While often it’s the case that the Rugby World Cup doesn’t get going until the knockout matches, the 2015 edition has already featured some memorable matchups as well as a tournament-record crowd of nearly 90,000 at Wembley Stadium. And with all but two teams now having played two of their four Pool matches, it’s time to take stock of what’s happened so far and what lies in store as the teams jockey for position ahead of the quarterfinals.
Here’s a Pool by Pool rundown.
The biggest game of the World Cup so far delivered on Saturday when an injury-ravaged Wales upset hosts England in a nail-biter at Twickenham to put themselves in pole position for a spot in the last eight. All is far from decided, however. A battered and bruised Wales, which lost two more players to tournament-ending injuries against England, have to take on a tricky Fiji side off a short rest on Thursday. England, meanwhile, will now play for their World Cup lives against Australia back at Twickenham in another titanic contest between two of rugby’s biggest rivals on Saturday. Australia have impressed so far, but any slip up on Saturday and the two-time champions could yet regret not collecting a bonus point against Fiji.
Wales vs. Fiji (Thursday, Oct. 1, 11:45 a.m. EDT, Millennium Stadium, Cardiff)
England vs. Australia (Saturday, 3 p.m. EDT, Twickenham, London)
Fiji vs. Uruguay (Tuesday, Oct. 6, 3 p.m. EDT, Stadium MK, Milton Keynes)
Australia vs. Wales (Saturday, Oct. 10, 11:45 a.m. EDT, Twickenham, London)
England vs. Uruguay (Saturday, Oct. 10, 3 p.m. EDT, Manchester City Stadium, Manchester)
Scotland weren’t favored by many entering the tournament, but Vern Cotter’s team are the pace-setters in Pool B after bonus-point victories over Japan and the United States. A meeting with South Africa at Newcastle’s St James’ Park on Saturday will now be a true test of just how far this Scotland team can go. Yet it will be on South Africa that the greater pressure lies. After their stunning upset against Japan, the Springboks know that they can’t afford any further slipups. Still, the champions in 1995 and 2007 could hardly have bounced back from that loss any better than when hammering Samoa 46-6, although it came at the cost of a fractured jaw to Jean de Villiers that has ruled the Springboks captain out of the World Cup and prompted his retirement from international rugby. While South Africa and Scotland should progress, Samoa will be waiting to take advantage.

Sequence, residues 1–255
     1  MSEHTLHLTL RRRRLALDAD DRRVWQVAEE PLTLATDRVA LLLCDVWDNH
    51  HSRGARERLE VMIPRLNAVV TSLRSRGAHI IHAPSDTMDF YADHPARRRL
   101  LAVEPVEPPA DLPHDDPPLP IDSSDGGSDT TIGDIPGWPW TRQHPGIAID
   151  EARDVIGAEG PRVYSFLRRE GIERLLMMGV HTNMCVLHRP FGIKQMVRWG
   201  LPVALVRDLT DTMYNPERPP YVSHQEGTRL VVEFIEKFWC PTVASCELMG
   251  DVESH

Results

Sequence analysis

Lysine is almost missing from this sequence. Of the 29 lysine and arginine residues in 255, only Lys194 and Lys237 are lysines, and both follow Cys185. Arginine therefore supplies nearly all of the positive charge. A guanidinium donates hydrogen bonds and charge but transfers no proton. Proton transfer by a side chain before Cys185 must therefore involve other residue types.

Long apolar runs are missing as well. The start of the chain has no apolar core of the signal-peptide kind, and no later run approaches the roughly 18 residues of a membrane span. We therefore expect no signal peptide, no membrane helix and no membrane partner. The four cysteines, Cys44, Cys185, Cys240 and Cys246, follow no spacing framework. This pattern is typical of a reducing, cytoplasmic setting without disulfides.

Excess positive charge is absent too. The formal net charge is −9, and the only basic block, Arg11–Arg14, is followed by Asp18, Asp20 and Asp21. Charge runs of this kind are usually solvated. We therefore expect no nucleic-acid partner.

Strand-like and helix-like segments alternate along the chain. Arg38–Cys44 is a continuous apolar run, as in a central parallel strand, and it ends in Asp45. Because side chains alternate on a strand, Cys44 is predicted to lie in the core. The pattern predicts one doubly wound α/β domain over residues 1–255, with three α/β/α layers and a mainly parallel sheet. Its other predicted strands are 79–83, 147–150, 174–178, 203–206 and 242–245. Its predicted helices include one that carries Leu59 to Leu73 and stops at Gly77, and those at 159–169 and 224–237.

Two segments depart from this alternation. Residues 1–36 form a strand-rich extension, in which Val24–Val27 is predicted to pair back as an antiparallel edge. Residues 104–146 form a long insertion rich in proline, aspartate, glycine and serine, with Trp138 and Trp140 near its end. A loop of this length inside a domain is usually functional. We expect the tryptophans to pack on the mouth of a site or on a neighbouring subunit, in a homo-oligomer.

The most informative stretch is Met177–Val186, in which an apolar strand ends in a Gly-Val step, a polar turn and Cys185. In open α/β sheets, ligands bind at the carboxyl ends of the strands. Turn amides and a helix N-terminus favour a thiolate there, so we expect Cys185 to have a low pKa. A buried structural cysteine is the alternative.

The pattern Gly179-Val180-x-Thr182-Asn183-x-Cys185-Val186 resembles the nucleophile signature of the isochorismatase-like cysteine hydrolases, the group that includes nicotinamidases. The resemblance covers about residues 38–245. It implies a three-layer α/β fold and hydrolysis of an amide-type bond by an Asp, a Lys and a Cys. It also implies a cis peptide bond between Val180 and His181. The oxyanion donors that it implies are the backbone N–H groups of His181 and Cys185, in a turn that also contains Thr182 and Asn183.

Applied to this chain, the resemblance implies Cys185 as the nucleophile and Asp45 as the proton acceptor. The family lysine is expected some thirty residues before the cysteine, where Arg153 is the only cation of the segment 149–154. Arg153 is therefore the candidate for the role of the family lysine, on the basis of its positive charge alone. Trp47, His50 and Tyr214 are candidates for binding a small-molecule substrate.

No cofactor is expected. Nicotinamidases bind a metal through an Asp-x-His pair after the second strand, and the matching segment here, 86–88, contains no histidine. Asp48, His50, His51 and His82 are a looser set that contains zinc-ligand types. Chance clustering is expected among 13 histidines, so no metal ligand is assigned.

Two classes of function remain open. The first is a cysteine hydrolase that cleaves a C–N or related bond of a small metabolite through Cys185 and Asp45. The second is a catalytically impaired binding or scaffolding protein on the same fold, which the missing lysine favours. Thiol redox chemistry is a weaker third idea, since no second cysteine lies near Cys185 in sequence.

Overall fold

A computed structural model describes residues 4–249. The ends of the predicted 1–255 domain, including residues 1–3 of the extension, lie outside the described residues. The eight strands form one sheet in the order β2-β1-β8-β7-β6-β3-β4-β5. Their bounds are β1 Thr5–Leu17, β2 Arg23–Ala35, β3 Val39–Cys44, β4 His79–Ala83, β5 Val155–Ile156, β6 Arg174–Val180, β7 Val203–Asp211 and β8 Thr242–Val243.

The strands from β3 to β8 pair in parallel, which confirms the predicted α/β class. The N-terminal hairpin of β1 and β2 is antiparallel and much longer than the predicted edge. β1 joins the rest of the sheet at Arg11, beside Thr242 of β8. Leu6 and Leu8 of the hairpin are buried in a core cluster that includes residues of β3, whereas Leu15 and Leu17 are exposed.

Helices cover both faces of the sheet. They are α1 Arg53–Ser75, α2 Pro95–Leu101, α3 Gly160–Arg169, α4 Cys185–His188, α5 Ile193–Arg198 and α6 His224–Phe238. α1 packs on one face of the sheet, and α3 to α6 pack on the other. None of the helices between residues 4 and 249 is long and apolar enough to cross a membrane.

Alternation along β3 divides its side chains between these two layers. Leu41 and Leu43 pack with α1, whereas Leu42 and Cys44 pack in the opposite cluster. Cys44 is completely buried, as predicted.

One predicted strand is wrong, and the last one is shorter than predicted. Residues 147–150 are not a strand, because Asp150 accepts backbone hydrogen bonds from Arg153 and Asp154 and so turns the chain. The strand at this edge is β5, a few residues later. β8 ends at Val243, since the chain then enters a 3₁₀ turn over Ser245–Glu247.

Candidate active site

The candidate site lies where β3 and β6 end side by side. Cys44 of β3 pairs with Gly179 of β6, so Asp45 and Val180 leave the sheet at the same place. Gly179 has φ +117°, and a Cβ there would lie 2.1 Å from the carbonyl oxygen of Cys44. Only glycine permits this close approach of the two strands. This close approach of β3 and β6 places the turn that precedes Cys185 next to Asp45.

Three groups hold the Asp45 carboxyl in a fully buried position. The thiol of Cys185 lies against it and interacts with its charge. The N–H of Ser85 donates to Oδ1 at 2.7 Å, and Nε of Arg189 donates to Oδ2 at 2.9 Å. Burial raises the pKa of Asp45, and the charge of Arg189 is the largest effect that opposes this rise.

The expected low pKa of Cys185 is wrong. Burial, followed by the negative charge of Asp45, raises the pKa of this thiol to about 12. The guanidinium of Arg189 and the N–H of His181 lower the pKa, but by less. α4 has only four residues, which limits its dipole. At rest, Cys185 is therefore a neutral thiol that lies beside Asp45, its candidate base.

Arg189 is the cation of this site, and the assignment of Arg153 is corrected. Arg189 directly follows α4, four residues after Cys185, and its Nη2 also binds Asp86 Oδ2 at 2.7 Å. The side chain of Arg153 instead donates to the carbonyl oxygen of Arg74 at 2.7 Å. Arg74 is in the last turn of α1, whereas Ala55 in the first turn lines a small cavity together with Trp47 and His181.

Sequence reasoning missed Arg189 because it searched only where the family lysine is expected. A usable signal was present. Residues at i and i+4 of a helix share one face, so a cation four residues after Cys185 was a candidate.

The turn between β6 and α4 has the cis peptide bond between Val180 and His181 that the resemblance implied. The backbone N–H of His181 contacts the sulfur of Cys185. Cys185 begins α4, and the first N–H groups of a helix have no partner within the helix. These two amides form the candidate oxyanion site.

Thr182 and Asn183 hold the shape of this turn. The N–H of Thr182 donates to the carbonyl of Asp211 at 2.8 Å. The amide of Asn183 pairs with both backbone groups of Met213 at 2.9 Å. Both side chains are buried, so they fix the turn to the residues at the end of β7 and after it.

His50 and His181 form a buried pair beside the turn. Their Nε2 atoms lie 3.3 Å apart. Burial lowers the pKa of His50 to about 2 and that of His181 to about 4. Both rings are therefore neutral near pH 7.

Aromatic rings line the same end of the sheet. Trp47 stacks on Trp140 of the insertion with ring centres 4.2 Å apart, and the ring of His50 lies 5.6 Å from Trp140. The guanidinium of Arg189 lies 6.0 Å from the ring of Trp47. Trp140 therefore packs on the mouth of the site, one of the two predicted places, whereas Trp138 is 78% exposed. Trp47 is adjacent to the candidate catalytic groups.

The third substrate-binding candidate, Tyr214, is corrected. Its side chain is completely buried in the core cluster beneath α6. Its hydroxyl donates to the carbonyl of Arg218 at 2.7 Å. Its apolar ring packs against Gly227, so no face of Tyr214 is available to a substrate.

Samoa vs. Japan (Saturday, Oct. 3, Stadium MK, Milton Keynes)
South Africa vs. Scotland (Saturday, Oct. 3, St James’ Park, Newcastle)
South Africa vs. USA (Wednesday, Oct. 7, Olympic Stadium, London)
Samoa vs. Scotland (Saturday, Oct. 10, 9:30 a.m. EDT, St James’ Park, Newcastle)
USA vs. Japan (Sunday, Oct. 11, 3 p.m. EDT, Kingsholm. Gloucester)
Favorites to retain their title, New Zealand have so far fulfilled expectations with victories over Argentina and Namibia. But there is reason to believe veteran Dan Carter when he says that they have plenty of room for improvement. The All Blacks will look to start showing that in remaining Pool matches against Georgia and Tonga before taking their inevitable place in the quarterfinals. Argentina should also have little trouble taking their expected place in the last eight after annihilating their closest rivals for second spot, Georgia, 54-9 last Friday. Georgia are likely to be left playing to ensure a third-place finish in the Pool and a qualifying spot for the 2019 World Cup.
Tonga vs. Namibia (Tuesday, Sept. 29, 11:45 a.m. EDT, Sandy Park, Exeter)
New Zealand vs. Georgia (Friday, Oct. 2, 3 p.m. EDT, Millennium Stadium, Cardiff)
Argentina vs. Tonga (Sunday, Oct. 4, 9:30 a.m. EDT, Leicester City Stadium, Leicester)
Namibia vs. Georgia (Wednesday, Oct. 7, 3 p.m. EDT, Sandy Park, Exeter)
New Zealand vs. Tonga (Friday, Oct. 9, 3 p.m. EDT, St James’ Park, Newcastle)
With 94 points and 13 tries scored in wins over Canada and Romania, the World Cup could not have started much better for Ireland. Against Romania they even had the luxury of making 12 changes and still recording an emphatic victory. But France, too, have begun with successive wins, and, as was expected ahead of the tournament, their clash with Ireland in the Pool’s final match will surely decide top spot. With the runners-up likely to face New Zealand in the quarterfinals it promises to be a tantalizing and highly pressurized contest. Italy will need to beat Ireland on Sunday to maintain their hopes of a first ever quarterfinal spot, but that looks a hugely unlikely prospect after the Azzurri only narrowly escaped with a victory against Canada following a comprehensive defeat to France.
France vs. Canada (Thursday, Oct. 1, 3 p.m. EDT, Stadium MK, Milton Keynes)
Ireland vs. Italy (Sunday, Oct. 4, 11:45 a.m. EDT, Olympic Stadium, London)
Canada vs. Romania (Tuesday, Oct. 6, 11:45 a.m. EDT, Leicester City Stadium, Leicester)
Italy vs. Romania (Sunday, Oct. 11, 9:30 a.m. EDT, Sandy Park, Exeter)
France vs. Ireland ( Sunday, Oct. 11, 11:45 a.m. EDT, Millennium Stadium, Cardiff)